Have you heard of this new-fangled thing known as a CSA? From www.localharvest.org, a CSA is..
- A popular way to buy local, seasonal food directly from farmers
- Consumers purchase a “share”/membership/subscription directly from the farm in return for a weekly box of produce each week.
- By investing in a share, you take on part of the risk farmers experience over the variable growing season, and it helps them stabilize cash flow by getting payment early in the season.
Trying out a CSA was a goal I set for 2013, and I got lucky in the fact that a local farm called Culinary Delights Farm offers drop-offs right at my workplace. I signed up and paid in early spring for 18 weeks of delivery of veggies TO MY FACE. Today was the last delivery, wah! and it is getting cold in MN so I guess I will officially give in and call it fall.
Here are a few pros and cons from the whole experience:
Pros – LOVED trying lots of new veggies and recipes (eggplant, parsnips, new kinds of peppers, 3 different types of apples, lots of squash & herbs) and we definitely upped our veggie intake. The veggies were VERY high quality, and I got used to the extra cleaning needed pretty quickly. Learning a few preservation techniques (blanching + freezing) was fun, too. The farm sends out weekly newsletters with info about the veggies, recipe ideas, and even little tidbits about how the growing season is going and what to expect next. Pick-up at work was very convenient and it was easy to change the pick-up to a different day/location if I needed Brandon to get it instead.
Thanks to all the squash, our little picture wall has never been more festive -
Cons – We are only two people and ended up traveling a lot for work so we did throw some food away. We did a half share but it was still a lot of food for the two of us and I HATE wasting food. It is a little pricey – I think it averaged around $20/week for a half share, which I think is probably more than we spend on veggies normally (whether that is good or bad!). Other than that – no complaints at all, it was a great experience!
Here are a few recipes I tried and loved as a result of signing up –
- Rhubarb & peach crisp with toasted hazelnuts – this was one of the first recipes we tried and soooooo good with vanilla ice cream. Mmm. Toasted hazelnuts are my new favorite food I think. Recipe from the newsletter – here’s a similar one.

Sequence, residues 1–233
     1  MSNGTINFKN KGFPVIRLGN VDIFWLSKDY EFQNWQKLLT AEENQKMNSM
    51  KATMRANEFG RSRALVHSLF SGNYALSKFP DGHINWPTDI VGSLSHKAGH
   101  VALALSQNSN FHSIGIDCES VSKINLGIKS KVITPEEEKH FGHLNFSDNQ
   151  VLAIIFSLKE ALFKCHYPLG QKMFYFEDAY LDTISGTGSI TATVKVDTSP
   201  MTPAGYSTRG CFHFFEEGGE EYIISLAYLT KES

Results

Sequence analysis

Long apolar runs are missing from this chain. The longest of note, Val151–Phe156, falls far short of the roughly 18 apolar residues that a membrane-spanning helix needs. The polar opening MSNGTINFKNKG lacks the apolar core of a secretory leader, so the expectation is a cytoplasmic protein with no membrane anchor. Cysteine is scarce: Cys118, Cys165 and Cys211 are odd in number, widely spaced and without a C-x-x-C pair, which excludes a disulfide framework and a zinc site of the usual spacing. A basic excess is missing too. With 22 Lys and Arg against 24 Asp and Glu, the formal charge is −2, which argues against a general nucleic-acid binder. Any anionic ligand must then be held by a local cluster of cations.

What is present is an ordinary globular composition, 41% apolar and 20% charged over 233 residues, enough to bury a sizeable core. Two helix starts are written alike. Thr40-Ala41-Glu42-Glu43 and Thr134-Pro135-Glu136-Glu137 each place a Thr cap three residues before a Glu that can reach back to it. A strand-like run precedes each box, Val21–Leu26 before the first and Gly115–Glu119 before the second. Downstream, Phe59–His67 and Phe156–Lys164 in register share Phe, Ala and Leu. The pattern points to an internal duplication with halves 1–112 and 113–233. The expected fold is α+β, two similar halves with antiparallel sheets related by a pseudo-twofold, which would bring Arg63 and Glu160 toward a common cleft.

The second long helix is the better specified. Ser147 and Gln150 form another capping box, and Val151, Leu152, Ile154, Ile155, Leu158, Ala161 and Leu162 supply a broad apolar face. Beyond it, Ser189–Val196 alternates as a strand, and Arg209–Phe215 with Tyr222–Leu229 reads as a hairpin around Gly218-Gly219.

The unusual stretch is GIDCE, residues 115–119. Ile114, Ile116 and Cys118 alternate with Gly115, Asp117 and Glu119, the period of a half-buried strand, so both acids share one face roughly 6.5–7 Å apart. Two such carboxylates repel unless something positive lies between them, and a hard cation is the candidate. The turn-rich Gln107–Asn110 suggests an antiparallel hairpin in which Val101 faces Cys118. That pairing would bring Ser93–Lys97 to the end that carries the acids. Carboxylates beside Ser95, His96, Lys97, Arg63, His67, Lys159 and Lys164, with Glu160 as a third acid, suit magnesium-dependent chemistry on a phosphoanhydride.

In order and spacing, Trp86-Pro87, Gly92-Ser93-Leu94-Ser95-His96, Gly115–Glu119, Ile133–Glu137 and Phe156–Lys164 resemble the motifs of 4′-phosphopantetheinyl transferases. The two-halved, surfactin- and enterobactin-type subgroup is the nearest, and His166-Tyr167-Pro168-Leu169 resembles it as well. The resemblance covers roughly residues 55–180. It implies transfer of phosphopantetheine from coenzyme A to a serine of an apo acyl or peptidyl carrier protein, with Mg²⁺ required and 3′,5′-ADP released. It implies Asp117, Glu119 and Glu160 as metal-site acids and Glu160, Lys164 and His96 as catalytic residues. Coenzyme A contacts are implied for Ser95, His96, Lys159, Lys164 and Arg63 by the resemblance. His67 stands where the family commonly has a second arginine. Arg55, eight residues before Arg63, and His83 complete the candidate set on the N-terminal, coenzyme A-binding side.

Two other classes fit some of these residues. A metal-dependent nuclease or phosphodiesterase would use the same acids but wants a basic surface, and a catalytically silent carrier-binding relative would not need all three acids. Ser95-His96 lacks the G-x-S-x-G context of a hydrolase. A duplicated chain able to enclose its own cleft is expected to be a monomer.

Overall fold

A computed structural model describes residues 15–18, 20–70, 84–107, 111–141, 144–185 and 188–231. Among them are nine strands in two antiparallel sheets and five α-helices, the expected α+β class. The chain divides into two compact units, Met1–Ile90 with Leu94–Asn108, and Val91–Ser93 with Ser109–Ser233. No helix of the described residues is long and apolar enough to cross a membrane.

- Fresh tomato salsa – lots of salsa recipes recommend cooked, canned tomatoes, but I just chopped up a bunch of fresh Minnesota tomatoes with onion, peppers (sweet & jalapeno), lots of cilantro & lime, and a pinch of salt & sugar in the food processor and voila! Summer-fresh salsa. Brandon went nuts for it and the man HATES tomatoes.
- Homemade baingan bharta with fresh eggplant – my very first attempt at Indian-at-home ever. I’m sure I didn’t do it justice, and I was WAY too heavy-handed with the red pepper the second time around, but it was fun to cook something totally different than usual and fulfill a craving we usually satisfy with takeout. The eggplant I used was very seedy both times, too, so I’m not sure if I should use it right away next time to prevent so much ripening? Anyone have eggplant skillz?
- Butternut squash soup like this. Simple but SO good – squash soup just tastes like fall to me. I’m going to try another batch with some of the different varieties of squash I have collected next week.
- Squash halved, baked & stuffed with a (pre-cooked) mixture of quinoa, lentils, peppers and onions topped with a little parmesan cheese and baked for 30 minutes until warmed through
- Caprese salad at home with fresh tomatoes and basil + mozzarella from Trader Joe’s
- The classic low-carb dinner – baked spaghetti squash with turkey & mushroom marinara
- Last week I made a super healthy and filling veggie soup with lots of cabbage (we had 3 heads at one point.. what do you do with that much cabbage??), carrots, tomatoes, sweet peppers, tempeh and quinoa. It was a great way to clean out the fridge and makes a delicious light lunch on these ever-colder days.
- TONS OF SWEET CORN. Oh wait, we always eat a truckload of corn in the summer. This summer it just happened to be a lot of local, fresh corn!
Overall, I HIGHLY recommend Culinary Delights Farm if you are in the Twin Cities area – they deliver to lots of places NW of the Cities and I think they are even going organic next year. For us, unfortunately I do not think we will sign up next year unless I can find someone willing to split the half share with us. We have decided to compromise by hitting up the farmer’s market more often, being selective about choosing local farmers, and branching out with our veggie choices.
Would you ever try a CSA? If you have tried one before, I would love to hear about your experience, especially if you have any tips of what to do with a lot of veg for a small family!